The chemotherapy drugs required to push a common form of adult leukemia into remission may contribute to DNA damage that can lead to a relapse of the disease in some patients, findings of a new study suggest.
The research, by a team of scientists at The Genome Institute and others from Washington University School of Medicine in St. Louis, is published Jan. 11 in the advance online edition of Nature.
For patients with acute myeloid leukemia (AML), initial treatment with chemotherapy is essential for putting the cancer into remission. Without it, most patients would die within several months. But even so, about 80 percent of AML patients die within five years when chemotherapy treatment fails to keep the cancer in remission and the disease returns.
Results of the new research provide evidence for a theory that scientists have long held: Chemotherapy contributes to relapse in cancer patients by damaging DNA and generating new mutations that allow tumor cells to evolve and become resistant to treatment.
“The mutations in AML patients who have relapsed are different from those present in the primary tumor, and they are more likely to have a telltale signature of DNA damage,” says senior author John F. DiPersio, MD, PhD, the Virginia E. and Sam J. Golman Professor of Medicine and chief of the division of oncology. “This suggests that mutations in the relapse cells are influenced by the chemotherapy drugs the patients receive.”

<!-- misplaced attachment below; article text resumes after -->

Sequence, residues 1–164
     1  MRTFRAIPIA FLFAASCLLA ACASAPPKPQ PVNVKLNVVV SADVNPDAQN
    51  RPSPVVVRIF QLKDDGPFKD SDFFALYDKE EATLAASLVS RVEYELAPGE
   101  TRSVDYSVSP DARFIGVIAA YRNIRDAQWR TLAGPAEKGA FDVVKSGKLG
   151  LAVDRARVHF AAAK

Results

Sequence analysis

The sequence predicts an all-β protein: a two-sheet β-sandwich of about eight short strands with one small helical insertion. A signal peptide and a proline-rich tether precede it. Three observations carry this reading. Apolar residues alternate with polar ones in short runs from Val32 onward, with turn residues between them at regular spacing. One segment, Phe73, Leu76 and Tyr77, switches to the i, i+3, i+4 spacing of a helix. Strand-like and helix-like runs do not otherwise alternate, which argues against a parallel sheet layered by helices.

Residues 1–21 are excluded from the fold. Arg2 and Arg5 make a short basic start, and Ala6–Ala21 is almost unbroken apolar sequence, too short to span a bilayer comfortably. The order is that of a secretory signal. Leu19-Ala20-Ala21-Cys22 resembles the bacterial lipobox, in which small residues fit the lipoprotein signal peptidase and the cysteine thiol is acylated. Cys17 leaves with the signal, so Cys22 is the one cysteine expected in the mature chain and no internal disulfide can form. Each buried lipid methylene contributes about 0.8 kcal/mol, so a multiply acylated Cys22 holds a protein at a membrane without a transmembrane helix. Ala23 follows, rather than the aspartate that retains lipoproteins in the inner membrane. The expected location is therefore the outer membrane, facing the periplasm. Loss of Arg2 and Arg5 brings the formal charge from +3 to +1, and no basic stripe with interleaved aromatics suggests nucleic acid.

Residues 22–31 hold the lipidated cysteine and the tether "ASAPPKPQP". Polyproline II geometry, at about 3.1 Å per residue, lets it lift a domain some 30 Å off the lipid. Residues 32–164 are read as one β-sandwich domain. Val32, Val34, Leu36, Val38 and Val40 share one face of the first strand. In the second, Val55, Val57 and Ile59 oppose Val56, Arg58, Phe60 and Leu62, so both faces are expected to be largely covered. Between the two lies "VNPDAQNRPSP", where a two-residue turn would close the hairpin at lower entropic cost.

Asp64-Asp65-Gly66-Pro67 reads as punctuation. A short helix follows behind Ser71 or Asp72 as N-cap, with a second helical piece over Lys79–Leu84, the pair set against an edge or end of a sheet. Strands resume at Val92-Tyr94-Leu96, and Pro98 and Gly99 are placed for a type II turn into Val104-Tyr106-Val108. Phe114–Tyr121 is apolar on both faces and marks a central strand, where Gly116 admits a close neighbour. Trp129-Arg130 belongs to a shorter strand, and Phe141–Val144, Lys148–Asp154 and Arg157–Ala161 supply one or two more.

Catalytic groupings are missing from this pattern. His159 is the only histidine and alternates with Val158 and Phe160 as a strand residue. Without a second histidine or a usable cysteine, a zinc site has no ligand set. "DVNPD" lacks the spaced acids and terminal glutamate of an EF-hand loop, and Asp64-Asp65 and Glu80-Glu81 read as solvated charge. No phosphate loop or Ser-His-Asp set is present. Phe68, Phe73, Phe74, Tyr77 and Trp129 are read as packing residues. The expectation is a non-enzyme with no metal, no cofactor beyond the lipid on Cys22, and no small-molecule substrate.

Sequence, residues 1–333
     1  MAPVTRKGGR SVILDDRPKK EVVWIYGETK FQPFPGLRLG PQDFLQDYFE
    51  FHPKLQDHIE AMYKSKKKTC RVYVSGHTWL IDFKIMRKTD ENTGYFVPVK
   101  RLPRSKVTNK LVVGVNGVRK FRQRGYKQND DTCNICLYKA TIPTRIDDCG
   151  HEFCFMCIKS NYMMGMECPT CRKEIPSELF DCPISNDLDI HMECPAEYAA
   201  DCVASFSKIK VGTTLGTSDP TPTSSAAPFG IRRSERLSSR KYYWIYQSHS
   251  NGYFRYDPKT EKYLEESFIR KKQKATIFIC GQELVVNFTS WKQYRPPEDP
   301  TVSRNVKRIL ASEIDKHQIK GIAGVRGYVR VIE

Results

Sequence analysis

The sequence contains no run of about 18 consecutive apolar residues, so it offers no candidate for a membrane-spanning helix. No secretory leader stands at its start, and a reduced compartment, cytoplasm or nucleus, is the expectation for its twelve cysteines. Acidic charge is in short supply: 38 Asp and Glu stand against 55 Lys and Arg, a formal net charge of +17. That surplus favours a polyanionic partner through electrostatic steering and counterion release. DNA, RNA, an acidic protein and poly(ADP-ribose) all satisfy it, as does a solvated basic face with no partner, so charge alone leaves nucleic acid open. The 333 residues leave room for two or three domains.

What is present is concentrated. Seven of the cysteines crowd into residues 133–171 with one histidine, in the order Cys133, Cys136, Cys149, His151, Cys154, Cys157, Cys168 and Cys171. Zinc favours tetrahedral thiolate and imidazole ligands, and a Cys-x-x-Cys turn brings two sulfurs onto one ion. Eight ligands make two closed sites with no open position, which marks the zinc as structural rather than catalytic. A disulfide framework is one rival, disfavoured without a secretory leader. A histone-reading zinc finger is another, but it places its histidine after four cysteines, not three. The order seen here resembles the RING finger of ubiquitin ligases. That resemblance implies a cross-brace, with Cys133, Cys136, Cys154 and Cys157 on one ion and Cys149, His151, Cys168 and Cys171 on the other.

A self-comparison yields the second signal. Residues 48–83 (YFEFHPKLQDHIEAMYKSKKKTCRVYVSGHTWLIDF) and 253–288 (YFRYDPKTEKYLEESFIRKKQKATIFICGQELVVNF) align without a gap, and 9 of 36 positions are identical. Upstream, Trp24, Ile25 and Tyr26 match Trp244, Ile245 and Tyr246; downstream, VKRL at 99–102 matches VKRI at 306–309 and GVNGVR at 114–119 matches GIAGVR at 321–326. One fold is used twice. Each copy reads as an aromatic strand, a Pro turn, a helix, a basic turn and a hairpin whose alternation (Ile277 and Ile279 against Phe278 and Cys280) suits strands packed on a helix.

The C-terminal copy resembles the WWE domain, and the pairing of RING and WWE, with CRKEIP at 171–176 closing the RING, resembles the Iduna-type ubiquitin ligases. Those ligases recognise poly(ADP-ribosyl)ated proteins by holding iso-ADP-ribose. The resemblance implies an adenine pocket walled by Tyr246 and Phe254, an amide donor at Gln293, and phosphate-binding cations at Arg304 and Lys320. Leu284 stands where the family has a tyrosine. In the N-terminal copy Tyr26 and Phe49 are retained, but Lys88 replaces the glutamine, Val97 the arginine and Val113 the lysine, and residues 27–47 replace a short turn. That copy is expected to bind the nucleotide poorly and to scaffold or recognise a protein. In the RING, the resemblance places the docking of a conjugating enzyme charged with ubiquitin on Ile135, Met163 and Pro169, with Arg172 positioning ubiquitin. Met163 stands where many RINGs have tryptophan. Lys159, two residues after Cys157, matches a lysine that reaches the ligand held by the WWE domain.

Chemotherapy is known to damage the DNA of both cancer cells and healthy cells. But until now, scientists have had little direct evidence to suggest that chemotherapy itself helps shape the evolution of cancer cells and may contribute to disease recurrence. The researchers suspect this phenomenon is not unique to AML and may occur in other cancers as well.
“Chemotherapy drugs are absolutely necessary to get leukemia patients into remission, but we also pay a price in terms of DNA damage,” says co-author Timothy J. Ley, MD, associate director of The Genome Institute. “They may contribute to disease progression and relapse in many different cancers, which is why our long-term goal is to find targeted therapies based on the mutations specific to a patient’s cancer, rather than use drugs that further damage DNA.”
For the current study, scientists at The Genome Institute sequenced the genomes – the entire DNA – of cancer cells before and after relapse in eight patients with AML and compared the genetic sequences to healthy cells from the same patients. The data essentially allowed them to map the evolution of cancer cells in each patient.
All the patients received cytarabine and an anthracycline drug to induce remission plus additional chemotherapy in an attempt to keep the cancer from returning. Using technology developed at the Genome Institute, the researchers isolated the DNA segments that contained every mutation in the samples of cancer cells and sequenced those regions nearly 600 times each, far more than the usual 30 times each, which substantially increased the statistical accuracy of the results.